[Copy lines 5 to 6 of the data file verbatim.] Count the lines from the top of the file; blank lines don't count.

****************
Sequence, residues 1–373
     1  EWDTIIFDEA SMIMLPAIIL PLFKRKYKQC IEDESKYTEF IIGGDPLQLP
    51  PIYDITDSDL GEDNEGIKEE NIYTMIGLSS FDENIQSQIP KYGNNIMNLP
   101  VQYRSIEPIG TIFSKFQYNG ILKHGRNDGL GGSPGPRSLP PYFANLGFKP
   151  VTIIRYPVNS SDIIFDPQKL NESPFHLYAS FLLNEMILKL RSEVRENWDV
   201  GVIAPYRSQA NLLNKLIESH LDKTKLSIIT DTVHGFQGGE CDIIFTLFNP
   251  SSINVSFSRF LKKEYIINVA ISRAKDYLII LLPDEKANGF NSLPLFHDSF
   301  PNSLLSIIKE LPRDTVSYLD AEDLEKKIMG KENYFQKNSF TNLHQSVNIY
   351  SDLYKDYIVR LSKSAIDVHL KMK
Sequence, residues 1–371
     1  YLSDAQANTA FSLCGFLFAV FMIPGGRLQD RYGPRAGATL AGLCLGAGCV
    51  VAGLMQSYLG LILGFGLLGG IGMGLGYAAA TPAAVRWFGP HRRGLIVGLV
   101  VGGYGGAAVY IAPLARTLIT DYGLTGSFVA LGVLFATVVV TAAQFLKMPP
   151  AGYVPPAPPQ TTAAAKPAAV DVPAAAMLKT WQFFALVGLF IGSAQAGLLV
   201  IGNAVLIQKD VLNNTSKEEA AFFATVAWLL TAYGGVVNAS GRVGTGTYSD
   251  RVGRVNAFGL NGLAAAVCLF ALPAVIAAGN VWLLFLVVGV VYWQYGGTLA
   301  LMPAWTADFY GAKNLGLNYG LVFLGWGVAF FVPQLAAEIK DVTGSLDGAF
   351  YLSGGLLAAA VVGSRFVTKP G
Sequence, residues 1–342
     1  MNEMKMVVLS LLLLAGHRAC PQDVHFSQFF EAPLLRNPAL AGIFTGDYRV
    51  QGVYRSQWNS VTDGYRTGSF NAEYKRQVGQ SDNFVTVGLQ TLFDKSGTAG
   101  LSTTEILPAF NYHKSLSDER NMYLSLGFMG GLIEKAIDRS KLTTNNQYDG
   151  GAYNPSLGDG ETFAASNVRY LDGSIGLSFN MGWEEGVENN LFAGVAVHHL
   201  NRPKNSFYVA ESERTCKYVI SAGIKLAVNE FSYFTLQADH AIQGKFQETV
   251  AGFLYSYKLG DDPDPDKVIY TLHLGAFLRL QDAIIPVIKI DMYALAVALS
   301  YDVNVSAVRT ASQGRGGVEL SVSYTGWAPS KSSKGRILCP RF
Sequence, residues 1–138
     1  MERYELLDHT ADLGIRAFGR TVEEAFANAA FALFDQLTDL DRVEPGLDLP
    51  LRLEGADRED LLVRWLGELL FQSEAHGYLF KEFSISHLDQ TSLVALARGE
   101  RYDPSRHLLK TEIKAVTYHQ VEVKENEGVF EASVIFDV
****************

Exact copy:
   151  VTIIRYPVNS SDIIFDPQKL NESPFHLYAS FLLNEMILKL RSEVRENWDV
   201  GVIAPYRSQA NLLNKLIESH LDKTKLSIIT DTVHGFQGGE CDIIFTLFNP